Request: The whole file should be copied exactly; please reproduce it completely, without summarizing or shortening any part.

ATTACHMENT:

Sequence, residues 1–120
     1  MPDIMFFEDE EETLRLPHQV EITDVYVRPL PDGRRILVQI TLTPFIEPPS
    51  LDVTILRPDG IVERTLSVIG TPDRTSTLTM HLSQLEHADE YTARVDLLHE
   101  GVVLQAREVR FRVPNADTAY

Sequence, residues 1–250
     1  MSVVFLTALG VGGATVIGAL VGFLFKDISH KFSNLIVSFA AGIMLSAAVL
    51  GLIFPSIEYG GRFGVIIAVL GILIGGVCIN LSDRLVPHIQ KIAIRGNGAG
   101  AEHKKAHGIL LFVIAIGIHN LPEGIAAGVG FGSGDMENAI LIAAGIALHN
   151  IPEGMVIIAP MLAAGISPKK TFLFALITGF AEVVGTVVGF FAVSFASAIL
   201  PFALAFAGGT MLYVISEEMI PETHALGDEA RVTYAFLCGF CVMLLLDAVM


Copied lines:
Sequence, residues 1–120
     1  MPDIMFFEDE EETLRLPHQV EITDVYVRPL PDGRRILVQI TLTPFIEPPS
    51  LDVTILRPDG IVERTLSVIG TPDRTSTLTM HLSQLEHADE YTARVDLLHE
   101  GVVLQAREVR FRVPNADTAY

Sequence, residues 1–250
     1  MSVVFLTALG VGGATVIGAL VGFLFKDISH KFSNLIVSFA AGIMLSAAVL
    51  GLIFPSIEYG GRFGVIIAVL GILIGGVCIN LSDRLVPHIQ KIAIRGNGAG
   101  AEHKKAHGIL LFVIAIGIHN LPEGIAAGVG FGSGDMENAI LIAAGIALHN
   151  IPEGMVIIAP MLAAGISPKK TFLFALITGF AEVVGTVVGF FAVSFASAIL
   201  PFALAFAGGT MLYVISEEMI PETHALGDEA RVTYAFLCGF CVMLLLDAVM